The crucial importance of emotions. I
- Primacy of emotions
Our emotions are forms of immediate experience.
When we experience our emotions, we are in direct contact with our physical reality.
Because our emotions are forms of energy are therefore physical and expressed in the body even before we are aware of them.
We can distinguish nine innate emotions (interest, joy, surprise, distress, fear, anger, shame, nausea and disgust) that manifest themselves in facial expressions. Every child is born with these terms "pre-programmed" in your facial muscles and researchers have shown that anywhere in the world, in any culture, identifies these emotions in the same way. They are basic communications biologically need to survive.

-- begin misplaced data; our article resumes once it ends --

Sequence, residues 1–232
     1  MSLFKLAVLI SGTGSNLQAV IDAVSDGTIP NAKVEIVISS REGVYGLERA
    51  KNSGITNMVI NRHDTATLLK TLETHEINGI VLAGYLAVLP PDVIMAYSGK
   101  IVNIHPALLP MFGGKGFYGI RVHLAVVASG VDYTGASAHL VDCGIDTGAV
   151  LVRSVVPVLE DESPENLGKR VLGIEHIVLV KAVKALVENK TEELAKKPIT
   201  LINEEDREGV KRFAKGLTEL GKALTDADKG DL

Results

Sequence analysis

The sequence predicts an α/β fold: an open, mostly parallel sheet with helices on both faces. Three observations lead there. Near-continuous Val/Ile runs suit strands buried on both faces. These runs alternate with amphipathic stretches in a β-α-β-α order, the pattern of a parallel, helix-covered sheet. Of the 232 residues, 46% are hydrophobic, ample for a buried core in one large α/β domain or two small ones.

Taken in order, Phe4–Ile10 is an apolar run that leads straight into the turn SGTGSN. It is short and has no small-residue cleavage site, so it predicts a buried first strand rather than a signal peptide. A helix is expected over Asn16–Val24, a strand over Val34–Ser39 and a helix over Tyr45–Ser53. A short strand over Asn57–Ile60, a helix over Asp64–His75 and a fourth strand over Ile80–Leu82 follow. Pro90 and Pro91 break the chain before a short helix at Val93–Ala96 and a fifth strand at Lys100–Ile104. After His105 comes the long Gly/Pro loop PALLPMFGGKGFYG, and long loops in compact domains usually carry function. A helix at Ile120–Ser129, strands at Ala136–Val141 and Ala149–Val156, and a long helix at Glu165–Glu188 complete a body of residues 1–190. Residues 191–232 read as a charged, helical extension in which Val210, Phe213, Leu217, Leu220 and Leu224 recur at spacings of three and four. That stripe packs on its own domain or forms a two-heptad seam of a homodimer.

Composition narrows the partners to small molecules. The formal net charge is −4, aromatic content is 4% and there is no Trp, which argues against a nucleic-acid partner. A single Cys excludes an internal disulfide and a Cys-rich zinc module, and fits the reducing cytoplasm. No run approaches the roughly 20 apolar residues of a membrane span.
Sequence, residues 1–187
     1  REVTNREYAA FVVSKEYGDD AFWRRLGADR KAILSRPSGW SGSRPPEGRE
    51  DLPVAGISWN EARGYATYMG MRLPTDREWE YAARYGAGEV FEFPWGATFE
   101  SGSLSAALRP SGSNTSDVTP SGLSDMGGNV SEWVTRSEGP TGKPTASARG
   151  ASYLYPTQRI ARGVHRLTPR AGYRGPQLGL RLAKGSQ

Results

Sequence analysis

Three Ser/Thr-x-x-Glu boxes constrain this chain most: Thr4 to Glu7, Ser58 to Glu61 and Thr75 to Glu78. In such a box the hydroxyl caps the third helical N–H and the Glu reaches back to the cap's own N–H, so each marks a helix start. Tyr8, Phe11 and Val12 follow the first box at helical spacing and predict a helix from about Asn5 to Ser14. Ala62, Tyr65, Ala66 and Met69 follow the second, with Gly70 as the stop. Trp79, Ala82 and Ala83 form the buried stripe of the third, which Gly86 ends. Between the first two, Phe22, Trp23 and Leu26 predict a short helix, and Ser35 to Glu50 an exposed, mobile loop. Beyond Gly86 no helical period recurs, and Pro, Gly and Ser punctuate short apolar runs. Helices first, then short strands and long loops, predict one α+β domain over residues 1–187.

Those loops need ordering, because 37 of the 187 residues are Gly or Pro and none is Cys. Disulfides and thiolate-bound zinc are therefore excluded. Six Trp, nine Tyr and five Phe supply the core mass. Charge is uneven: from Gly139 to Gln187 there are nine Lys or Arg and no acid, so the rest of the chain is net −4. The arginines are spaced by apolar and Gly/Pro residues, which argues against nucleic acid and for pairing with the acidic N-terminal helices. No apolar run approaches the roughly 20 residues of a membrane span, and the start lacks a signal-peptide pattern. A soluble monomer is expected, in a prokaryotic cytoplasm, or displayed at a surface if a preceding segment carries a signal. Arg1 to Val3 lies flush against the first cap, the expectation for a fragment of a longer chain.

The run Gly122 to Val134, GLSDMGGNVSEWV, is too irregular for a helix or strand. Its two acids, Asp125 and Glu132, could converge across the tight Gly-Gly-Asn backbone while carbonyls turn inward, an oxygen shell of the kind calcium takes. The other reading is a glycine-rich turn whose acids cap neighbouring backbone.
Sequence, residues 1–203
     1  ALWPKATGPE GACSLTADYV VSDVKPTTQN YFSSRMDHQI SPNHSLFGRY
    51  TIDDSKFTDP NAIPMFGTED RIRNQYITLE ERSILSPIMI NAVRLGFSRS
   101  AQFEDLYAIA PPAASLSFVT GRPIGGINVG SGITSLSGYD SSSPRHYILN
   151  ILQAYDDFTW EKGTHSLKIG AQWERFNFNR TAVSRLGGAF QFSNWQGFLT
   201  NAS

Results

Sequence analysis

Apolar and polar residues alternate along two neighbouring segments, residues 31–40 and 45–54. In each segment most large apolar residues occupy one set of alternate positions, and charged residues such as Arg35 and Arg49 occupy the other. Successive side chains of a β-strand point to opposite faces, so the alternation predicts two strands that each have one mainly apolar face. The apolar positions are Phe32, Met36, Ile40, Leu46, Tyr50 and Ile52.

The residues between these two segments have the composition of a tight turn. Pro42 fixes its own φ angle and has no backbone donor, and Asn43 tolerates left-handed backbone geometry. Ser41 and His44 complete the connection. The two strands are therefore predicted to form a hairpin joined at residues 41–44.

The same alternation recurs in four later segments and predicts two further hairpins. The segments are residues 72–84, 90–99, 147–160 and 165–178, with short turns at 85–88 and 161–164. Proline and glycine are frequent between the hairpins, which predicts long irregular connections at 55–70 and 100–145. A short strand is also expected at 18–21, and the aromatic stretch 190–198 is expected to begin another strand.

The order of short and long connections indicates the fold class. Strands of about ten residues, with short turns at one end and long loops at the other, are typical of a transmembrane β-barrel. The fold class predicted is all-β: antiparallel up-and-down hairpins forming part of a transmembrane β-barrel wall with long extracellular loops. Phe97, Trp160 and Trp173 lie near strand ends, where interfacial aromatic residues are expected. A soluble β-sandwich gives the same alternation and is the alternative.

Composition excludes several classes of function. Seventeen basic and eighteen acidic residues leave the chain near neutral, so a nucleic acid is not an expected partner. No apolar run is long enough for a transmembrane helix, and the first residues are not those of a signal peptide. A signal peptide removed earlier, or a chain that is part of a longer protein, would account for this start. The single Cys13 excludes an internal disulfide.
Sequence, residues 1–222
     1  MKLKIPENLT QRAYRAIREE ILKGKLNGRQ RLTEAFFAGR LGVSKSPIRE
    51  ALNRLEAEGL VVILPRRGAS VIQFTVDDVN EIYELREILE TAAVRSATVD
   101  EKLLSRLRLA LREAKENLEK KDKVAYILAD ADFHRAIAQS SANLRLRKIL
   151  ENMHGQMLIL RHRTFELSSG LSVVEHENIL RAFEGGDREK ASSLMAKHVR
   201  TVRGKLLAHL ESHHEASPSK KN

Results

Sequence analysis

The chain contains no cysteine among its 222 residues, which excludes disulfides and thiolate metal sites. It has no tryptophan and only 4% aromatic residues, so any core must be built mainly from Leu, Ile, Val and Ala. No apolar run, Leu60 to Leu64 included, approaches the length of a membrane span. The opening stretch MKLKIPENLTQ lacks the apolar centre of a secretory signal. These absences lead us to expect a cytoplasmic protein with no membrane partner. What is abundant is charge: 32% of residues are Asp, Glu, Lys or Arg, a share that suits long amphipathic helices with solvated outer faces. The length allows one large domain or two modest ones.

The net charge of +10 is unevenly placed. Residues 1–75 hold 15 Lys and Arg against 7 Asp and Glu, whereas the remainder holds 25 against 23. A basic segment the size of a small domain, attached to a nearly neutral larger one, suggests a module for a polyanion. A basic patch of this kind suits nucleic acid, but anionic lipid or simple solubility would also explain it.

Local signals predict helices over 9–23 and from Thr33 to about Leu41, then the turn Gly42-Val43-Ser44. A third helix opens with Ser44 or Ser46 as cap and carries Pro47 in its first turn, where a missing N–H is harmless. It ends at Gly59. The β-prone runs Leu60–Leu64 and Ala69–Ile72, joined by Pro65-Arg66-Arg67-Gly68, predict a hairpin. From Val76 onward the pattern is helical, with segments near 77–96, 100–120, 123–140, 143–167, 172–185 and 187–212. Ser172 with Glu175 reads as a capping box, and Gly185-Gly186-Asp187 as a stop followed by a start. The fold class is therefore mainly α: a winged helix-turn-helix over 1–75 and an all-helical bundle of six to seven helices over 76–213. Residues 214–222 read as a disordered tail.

Growing up, the emotions are the basic mindset to think, act and make decisions. Emotions are something like our innate biological motivating. They are "the energy that moves us" as fuel for cars. Intensify and extend our lives. Without emotion, nothing really matters, with emotion, everything can import.
When the emotion that accompanies a traumatic experience crashes, the mind can not evaluate or integrate that experience. When emotional energy blocks trauma resolution, mind decreases its ability to function. Over the years, the mind is diminished more and more, and that blocking intensifies the emotional energy every time it happens a similar experience.
Whenever we have a new experience,
and that somehow resembles the original trauma,
felt with an intensity that is disproportionate
with what is actually happening.
It is a spontaneous regression.
Our wounded inner child is full of unresolved energy that comes from the sadness of a childhood trauma. One of the reasons we feel sadness is to complete the painful events of the past, so that we can have our energy for the present.